A few years ago, my dear maternal grandmother visited an optometrist. After thoroughly examining my grandmother’s eyes, this medical professional informed her that she had cataracts in both of them. Concerned, my grandmother immediately made an appointment with a surgeon. The two surgeries to remove the cataracts from my grandmother’s eyes were successful. Scheduling annual eye exams is crucial. During these appointments, your optometrist will check for potentially harmful conditions such as cataracts, glaucoma, retinal detachment, nearsightedness, and farsightedness. On this blog, I hope you will discover the most important reasons you should visit your eye doctor every year. Enjoy!
Keeping your eye contacts moist is a common problem among contact lens wearers. However, some of the things people do to moisten their lenses is often met with reproach by optometrists, and with good reason. For example, removing your contacts and putting them in your mouth before reinserting them into your eyes is definitely NOT a good idea. Here are three reasons why you should never moisten your lenses by putting them in your mouth.
Bacteria--the Number One Cause of Eye Infections
Your mouth is full of bacteria. It does not matter if you just brushed your teeth and gargled with antiseptic, there is still plenty of bacteria in your mouth. Placing your contacts in your mouth allows all of that bacteria to collect on your lenses before you reinsert them into your eyes. Because your eyes are the perfect place for bacteria to grow (i.e., moist, often dark with mucous membranes present), you just used your contacts to turn your eyes into a petri dish. If you find that you have frequent eye infections, moistening your contacts with your mouth may be the reason why.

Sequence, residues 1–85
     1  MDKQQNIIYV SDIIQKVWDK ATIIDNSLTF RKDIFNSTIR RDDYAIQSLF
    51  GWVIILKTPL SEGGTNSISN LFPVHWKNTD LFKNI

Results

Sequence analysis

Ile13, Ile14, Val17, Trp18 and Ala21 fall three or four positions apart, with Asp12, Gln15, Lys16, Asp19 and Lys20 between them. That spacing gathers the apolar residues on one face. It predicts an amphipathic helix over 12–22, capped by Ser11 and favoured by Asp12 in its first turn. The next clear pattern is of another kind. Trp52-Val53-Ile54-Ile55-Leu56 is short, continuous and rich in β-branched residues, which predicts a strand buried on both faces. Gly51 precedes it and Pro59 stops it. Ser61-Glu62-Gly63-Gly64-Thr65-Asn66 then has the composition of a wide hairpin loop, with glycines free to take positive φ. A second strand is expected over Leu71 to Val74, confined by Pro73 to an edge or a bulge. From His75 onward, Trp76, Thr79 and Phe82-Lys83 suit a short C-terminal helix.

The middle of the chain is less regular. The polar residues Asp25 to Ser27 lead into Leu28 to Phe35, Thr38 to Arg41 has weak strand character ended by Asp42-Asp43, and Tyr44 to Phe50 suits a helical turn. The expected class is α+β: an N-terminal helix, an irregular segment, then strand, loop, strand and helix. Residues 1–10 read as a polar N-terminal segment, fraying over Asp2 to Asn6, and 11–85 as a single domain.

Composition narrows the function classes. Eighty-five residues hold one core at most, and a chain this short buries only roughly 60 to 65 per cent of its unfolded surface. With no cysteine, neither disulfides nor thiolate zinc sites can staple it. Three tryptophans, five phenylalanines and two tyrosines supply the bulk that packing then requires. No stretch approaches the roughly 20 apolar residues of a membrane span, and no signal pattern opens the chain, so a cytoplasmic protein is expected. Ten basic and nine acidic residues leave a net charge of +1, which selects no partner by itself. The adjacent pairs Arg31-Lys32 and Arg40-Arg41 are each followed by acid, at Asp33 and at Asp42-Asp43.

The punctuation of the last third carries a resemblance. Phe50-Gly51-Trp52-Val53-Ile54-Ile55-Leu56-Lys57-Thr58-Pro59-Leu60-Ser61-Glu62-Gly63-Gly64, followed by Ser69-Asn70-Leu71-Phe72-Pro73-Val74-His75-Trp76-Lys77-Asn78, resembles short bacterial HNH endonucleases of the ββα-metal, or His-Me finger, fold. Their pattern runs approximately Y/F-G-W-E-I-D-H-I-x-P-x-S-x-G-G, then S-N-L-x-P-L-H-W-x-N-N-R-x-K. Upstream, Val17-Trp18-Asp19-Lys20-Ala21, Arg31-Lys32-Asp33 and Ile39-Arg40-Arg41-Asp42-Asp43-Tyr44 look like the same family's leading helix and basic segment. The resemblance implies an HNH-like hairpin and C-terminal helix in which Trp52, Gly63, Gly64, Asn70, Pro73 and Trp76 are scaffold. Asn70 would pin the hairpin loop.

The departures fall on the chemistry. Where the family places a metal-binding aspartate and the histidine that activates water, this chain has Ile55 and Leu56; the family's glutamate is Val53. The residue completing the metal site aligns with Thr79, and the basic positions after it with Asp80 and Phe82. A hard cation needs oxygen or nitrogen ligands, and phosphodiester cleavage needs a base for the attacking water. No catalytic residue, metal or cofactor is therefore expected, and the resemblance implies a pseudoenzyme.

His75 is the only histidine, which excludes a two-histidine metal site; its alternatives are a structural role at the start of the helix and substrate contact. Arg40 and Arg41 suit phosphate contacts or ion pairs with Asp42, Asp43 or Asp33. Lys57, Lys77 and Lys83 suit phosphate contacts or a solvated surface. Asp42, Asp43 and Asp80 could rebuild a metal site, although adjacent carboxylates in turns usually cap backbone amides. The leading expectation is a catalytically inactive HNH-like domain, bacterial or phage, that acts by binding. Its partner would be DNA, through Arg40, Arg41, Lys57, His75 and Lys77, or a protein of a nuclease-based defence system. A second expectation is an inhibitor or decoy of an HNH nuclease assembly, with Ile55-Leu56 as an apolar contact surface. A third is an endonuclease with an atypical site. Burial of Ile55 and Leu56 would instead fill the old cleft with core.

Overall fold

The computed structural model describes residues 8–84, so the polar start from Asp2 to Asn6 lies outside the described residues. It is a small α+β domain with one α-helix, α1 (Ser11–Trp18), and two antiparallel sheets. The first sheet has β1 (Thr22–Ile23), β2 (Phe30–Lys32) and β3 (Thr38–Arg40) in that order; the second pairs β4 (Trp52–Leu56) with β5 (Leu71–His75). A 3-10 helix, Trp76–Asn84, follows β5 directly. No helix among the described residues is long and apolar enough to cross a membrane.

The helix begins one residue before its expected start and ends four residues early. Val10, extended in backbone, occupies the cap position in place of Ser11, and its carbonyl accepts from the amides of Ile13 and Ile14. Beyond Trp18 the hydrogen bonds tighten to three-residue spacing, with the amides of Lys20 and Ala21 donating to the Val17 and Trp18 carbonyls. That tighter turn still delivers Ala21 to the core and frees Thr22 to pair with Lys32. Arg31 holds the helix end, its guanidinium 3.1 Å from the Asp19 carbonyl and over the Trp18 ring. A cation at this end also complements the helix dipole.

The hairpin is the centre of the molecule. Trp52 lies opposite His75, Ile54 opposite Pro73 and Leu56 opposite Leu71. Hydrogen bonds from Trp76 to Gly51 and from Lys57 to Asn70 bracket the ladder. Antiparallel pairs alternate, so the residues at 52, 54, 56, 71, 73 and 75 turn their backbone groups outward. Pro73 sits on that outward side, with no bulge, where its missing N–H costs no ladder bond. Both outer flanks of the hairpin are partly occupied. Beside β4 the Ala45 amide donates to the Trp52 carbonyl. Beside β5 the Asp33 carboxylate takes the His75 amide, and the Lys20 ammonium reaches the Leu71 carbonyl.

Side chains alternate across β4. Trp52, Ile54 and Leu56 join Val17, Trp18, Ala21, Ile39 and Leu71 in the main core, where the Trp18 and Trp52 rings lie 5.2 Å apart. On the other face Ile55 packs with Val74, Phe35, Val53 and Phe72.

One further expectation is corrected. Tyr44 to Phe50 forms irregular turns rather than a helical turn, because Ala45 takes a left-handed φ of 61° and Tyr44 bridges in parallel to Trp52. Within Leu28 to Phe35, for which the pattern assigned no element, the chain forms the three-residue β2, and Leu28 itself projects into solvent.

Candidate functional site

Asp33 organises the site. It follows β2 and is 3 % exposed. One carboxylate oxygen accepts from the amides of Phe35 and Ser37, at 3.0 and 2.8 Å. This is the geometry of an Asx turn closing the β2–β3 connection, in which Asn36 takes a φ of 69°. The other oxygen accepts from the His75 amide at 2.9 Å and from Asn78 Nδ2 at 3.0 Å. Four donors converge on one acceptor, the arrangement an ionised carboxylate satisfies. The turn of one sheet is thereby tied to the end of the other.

As unpleasant as it sounds, you can transfer a herpes virus from your mouth to your eyes. The result is herpes keratitis, and inflammation of your corneas that flares and wanes at random and creates scar tissue when you rub. Is that a risk you really want to take with your contacts? There is no real cure for this type of virus either, so once you put it in your eyes, there it stays. As such, you may have to incur added expenses because your optometrist may want you to wear daily disposable lenses rather than extended wear soft contacts or hard contacts.
You Can Swallow the Lenses
Contacts are not large items, nor are they rough items. They are easily swallowed by accident, and then where would you be? Without your lense(s) for most of the day and no way to see clearly, you would need to figure out how to finish work and get home with blurry vision. Additionally, if the lenses you place in your mouth are hard lenses, these can break apart and cause small cuts and perforations in your esophagus and stomach. The related dangers and risks are not worth putting your lenses in your mouth--use a saline solution or rewetting drops instead, as prescribed by your optometrist.